FOR years the Perth Basin was written off as a gas province of minor significance, one where, compared with other parts of WA, quantities were insufficient for long-term commercial development.
Local domestic and industrial gas demand had historically been insignificant for the bigger explorers and, particularly in the southern part of the basin, the reservoirs had been found to be difficult.
But all that has changed over the past 15 months on three significant discoveries.
The stakes were first raised in October 2001 when Arc Energy and Origin Energy found oil onshore, in the Hovea field, not far from Perth.
Another find came soon after, this one close to shore on the Cliff Head trend, followed two months ago when a new onshore field, Jingemia, was proclaimed by Origin.
Hovea operator Arc is now production testing the fourth Hovea well, and Jingemia is undergoing production testing, with an initial reported clean-up flow of 2,000 barrels per day.
Hovea-5 will follow soon, in the field expected to produce for up to 10 years, with a daily 5,000 barrels for at least the first three years.
Hence, a bevy of small to medium players has now jockeyed into position, keen for a slice of the action from this summer’s appraisal and exploration program.
Keen disappointment in October, with a dry exploration well in the Morangie prospect on trend to the north of Cliff Head in WA 226P, has not dampened enthusiasm for the basin.
Apache Energy has just bought in to two offshore permits awarded in July this year, to the immediate north of the summer action, and approaches to other players for territory were still reported as late as last week.
The market likes these types of finds, as do the companies.
Such onshore or close to shore oil discoveries – with good reservoirs not requiring exotic techniques, and close to markets – are considered comparatively easy and simple to execute.
Origin and Mitsui are the two major companies in the region, but players and onlookers are talking of new company-maker finds, significant cash flows and the inevitable takeover plays should even some of this summer’s planned wells on and near the Cliff Head trend come in.
Arc – with 50 per cent of the Hovea field, in on Cliff Head and an adjoining permit, and keen to explore prospects on its territory adjacent to the Jingemia find – is considered attractive.
So is Voyager Energy, which had success with Cliff Head and Jingemia following its September 2001 float.
The attraction of this pair was underscored recently when Delta Oilfield Developments – a 50/50 venture by Westgold Resources and Carpenter Pacific Resources – made its first two investments in Arc and Voyager, becoming a substantial shareholder of each.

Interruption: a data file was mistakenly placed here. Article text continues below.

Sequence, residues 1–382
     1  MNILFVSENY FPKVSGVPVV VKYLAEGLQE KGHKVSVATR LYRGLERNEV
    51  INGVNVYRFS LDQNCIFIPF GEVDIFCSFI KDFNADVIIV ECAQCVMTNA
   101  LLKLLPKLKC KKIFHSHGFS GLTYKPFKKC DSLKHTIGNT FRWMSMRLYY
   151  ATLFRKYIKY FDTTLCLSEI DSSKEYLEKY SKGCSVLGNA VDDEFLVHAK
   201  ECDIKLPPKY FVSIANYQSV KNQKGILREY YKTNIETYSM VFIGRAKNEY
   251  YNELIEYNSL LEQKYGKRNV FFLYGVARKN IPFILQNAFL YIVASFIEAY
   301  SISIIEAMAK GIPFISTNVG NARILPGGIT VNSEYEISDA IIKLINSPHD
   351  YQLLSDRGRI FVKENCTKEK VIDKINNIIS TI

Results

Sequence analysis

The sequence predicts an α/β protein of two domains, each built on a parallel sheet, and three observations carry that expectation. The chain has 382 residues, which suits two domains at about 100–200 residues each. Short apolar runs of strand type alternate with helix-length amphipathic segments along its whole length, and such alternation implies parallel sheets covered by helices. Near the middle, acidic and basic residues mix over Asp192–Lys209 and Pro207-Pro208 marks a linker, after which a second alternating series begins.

Hogan & Partners resource analyst Adam Conigliaro rates Australian Worldwide Exploration as another attractive entry into the Perth Basin.
The three Perth Basin players from Sydney – Australian Worldwide Exploration, Origin and Roc Oil –hold significant acreage, and are often mentioned as leaders in any subsequent corporate activity.
Speculation also surrounds the corporate intent of Apache and Mitsui, and another player not as yet in the Perth Basin, South Australia’s Santos.
Santos is Voyager’s complementary 59.1 per cent partner in the oil-producing Nockatunga project in Queensland.
Mr Conigliaro expects the consolidation that would be inevitable over time in the region will be accelerated if even just one or two wells of the potential eight to be drilled this season come in.
Origin currently has no equity in Cliff Head. And Roc Oil, which led the second oil find on the Cliff Head trend last Christmas-New Year, has plenty of its own links within WA.
It chose ‘friendly, like-minded parties’ Voyager Energy and Bounty Oil & Gas – regarded as undervalued and ripe for takeover – to bid successfully earlier this year for two new offshore permits north of the current finds.
Six companies have joined with Roc in TP/15 to drill the Cliff Head trend between last year’s find and the shore near Dongara. Hardman Resources, also in the Perth Basin, is a Roc partner off Mauritania.
Hardman listed earlier this year on the London Stock Exchange’s Alternative Investment Market.
In the UK, Roc has interests in close to 20 onshore and offshore oil and gas permits.
Publicly, Origin is not talking much, and the consensus is that not too many know what company management has in mind.
However, over the past two years, the company has significantly increased its WA exploration, production and electricity generation interests.
Australian Worldwide Energy is in both Cliff Head and Jingemia, in addition to the already-producing Beharra Springs gas field.
Many of the smaller companies are partnering the bigger players in this summer’s activity.
Some of these companies, such as Norwest Energy, are carrying the greatest comparative risk and could suffer significant market loss if the season turns out to be a dry one.
However, they also stand to benefit from substantial leverage.
Those benefiting from Jingemia are Origin (operator, 49.2 per cent), Hardman (22.4 per cent), Australian Worldwide (15.2 per cent), Victoria Petroleum and Voyager (5.8 per cent each), and Pancontinental Oil & Gas (1.3 per cent).
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